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The issue of new partners and them being introduced to children after separation is often an area of concern for parents and is something that parents raise when having difficulties agreeing what the arrangements for the children should be once a relationship has ended.
There is no legal precedent which governs how and when a new partner is introduced to children. A common sense approach should be taken in terms of timings when considering introducing a new partner, so that the relationship itself can be tested between the adults before introducing the children, so as to avoid what can sometimes end up being a series of short term partners which then leads to confusion for the children concerned.
It is expected by the Courts that parents will exercise their parental responsibility properly when considering introducing new partners to children, so as to avoid bringing the children into contact with anyone that is unsuitable to be around the child or anyone who would constitute a safeguarding risk. Safeguarding risks would typically include concerns such as alcohol or drug misuse, violent/criminal activities that could put the child at risk, or sexual/physical risks to children.
More often than not, the main difficulties surrounding new partners arise when one parent has an issue with the other parent introducing a new partner to the children, as the parent that isn’t involved in the relationship feels that it is too soon or they don’t know this person or know if they are suitable to be around the children etc, and want reassurance of these concerns before introductions are made.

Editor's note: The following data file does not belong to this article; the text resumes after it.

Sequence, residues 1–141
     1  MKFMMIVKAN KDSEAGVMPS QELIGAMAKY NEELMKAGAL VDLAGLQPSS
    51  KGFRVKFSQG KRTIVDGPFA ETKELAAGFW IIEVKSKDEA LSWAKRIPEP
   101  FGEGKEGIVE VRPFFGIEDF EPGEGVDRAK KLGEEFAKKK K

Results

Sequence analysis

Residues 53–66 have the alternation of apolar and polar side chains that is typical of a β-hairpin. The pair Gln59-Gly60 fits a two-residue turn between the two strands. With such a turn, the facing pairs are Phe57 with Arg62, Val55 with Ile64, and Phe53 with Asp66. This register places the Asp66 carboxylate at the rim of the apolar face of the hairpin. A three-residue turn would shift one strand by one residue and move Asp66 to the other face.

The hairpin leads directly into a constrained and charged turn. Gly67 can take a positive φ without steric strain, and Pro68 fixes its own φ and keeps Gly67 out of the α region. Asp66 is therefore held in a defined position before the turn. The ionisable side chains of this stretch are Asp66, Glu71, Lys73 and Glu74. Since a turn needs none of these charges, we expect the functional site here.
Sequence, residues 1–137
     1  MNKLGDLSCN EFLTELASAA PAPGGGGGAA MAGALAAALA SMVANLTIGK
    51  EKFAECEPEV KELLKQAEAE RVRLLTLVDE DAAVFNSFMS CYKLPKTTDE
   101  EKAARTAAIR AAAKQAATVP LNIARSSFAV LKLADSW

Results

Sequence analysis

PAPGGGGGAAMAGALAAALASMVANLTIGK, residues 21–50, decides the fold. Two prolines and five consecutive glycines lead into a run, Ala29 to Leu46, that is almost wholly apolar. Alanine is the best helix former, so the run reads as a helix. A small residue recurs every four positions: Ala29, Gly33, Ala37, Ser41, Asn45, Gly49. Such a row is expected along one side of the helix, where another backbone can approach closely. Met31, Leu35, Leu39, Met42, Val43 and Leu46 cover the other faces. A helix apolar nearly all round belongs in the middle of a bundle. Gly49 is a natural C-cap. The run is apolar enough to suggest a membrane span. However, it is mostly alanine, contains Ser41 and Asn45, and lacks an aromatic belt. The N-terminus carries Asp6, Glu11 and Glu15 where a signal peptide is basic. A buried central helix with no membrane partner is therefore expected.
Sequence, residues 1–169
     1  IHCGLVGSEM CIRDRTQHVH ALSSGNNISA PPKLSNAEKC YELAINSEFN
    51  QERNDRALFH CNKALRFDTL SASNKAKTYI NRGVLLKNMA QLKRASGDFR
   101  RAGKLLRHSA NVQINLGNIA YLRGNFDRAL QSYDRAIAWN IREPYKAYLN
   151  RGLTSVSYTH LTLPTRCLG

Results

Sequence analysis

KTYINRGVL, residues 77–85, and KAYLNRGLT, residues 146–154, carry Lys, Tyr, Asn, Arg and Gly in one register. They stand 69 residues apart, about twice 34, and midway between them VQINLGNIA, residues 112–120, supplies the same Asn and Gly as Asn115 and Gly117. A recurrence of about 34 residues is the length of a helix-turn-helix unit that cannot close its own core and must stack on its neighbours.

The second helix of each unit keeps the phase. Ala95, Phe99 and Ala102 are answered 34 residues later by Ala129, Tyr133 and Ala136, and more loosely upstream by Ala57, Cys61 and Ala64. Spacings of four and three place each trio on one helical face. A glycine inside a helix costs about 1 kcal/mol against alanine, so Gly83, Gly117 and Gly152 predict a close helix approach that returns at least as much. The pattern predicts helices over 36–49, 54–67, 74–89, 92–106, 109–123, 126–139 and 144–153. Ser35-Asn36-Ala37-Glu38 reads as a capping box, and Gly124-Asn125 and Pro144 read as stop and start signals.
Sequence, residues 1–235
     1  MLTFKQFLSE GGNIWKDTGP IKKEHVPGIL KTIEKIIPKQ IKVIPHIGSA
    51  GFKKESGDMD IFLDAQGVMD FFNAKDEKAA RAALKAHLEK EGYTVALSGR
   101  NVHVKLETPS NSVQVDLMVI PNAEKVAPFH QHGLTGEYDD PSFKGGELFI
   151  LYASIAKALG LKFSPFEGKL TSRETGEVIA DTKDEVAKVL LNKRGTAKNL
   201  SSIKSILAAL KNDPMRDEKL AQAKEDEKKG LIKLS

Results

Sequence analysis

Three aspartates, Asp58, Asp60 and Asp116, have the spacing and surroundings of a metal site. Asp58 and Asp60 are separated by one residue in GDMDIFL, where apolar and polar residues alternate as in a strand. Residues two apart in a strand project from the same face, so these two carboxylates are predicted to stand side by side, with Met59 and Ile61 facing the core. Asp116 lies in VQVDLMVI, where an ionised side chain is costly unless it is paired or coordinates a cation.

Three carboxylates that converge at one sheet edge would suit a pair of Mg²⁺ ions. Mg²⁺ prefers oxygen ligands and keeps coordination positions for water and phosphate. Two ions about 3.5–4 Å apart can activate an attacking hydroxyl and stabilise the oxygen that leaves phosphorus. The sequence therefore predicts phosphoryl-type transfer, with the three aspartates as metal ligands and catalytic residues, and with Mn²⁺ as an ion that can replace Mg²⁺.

A common question that solicitors are asked in children matters is whether one parent can stop the other introducing their new partner. This ultimately depends upon the parent’s reasoning for wanting to stop the introduction. If it is based on a safeguarding concern and that concern proves to be founded, it may be that the Court indicates that the new partner should not be present around the children. However, if the concern relates to the fact that the parent believes that it is too soon or that they disagree with the approach being taken by the other parent, or that they simply dislike the new partner, these would not typically be viewed by the Court as justifications for stopping any introduction from a legal perspective, despite the fact that the concerns may perhaps be valid, as they would not constitute a safeguarding risk to the children involved, which is what the Court is ultimately concerned with.
Ideally, the best approach in these scenarios is for the parents to agree to put the children first and to try and agree that any introductions to new partners will be done in a child-focused manner and will be done at a pace that is agreeable with the children and once the relationship and its longevity itself has been tested, so as to avoid any disruption or upset to the children at the centre of the matter.
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